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They did. And it was him.
The 34-year-old, who had been raised by the couple (aged in their mid-70s) from the age of three, appeared in the Dunedin District Court yesterday after pleading guilty to using a document for a pecuniary advantage.
When his mother stopped driving in 2018, due to her declining health, Clarke offered to run a few errands for her.
From July until January the following year, he swindled $11,612 from the account she shared with her partner.
Clarke made 68 transactions over the six-month period, the court heard.
In a statement written by his foster father, they spoke of feeling “betrayed and upset”, and worried it reflected on the way they had parented him.
It was particularly aggravating, the man said, that Clarke knew they were struggling financially and yet he still bled them dry.
They had even given him small amounts of cash, unaware he was committing the regular thefts, apologising for being unable to help further.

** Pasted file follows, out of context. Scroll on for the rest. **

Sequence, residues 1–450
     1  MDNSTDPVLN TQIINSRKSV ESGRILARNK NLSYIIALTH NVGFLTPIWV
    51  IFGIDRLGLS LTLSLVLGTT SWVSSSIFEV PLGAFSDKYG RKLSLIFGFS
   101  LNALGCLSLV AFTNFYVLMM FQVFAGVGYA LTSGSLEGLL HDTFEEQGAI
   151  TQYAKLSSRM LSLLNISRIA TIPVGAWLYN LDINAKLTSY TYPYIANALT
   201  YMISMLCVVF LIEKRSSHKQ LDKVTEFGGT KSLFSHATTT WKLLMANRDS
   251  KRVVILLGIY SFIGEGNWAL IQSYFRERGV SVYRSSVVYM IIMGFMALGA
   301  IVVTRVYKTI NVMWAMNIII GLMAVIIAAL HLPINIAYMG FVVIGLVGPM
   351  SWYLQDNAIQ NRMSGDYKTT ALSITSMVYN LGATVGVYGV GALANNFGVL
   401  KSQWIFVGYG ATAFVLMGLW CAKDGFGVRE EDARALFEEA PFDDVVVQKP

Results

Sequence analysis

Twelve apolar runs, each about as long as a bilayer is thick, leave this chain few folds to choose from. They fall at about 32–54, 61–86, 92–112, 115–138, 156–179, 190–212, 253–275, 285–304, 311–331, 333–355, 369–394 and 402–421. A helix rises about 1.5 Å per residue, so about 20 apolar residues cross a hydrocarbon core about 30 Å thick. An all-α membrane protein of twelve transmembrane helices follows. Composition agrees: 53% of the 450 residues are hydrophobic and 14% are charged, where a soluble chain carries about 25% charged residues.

The couple slashed their food bill, cut back on firewood use and almost defaulted on a mortgage payment, such was their hardship.
Eventually, Judge Michael Crosbie said, they had to extend their overdraft to cope.
Despite the gross breach of trust, they maintained they refused to disown their son.
“We love Bryan very much but we’re struggling to understand how he did that to us over such a long time, even when he saw how it was affecting us,” his father wrote.
Clarke told Probation the offending was “impulsive”.
However, the explanation was sharply rejected by Judge Crosbie.
“It is a blatant abuse of trust and premeditated,” he said.
Counsel Brian Kilkelly said his client’s theft was driven by his own economic woes at the time.
The defendant was behind on rent, he said, and was struggling to make child support payments.
Mr Kilkelly said his client was “deeply ashamed” and was keen to apologise to his parents in person.
The defendant did not have alcohol or drug problems but wrestled with issues of entitlement and impulsivity, he said.
Clarke was sentenced to seven months’ home detention and ordered to repay the money at $50 a week.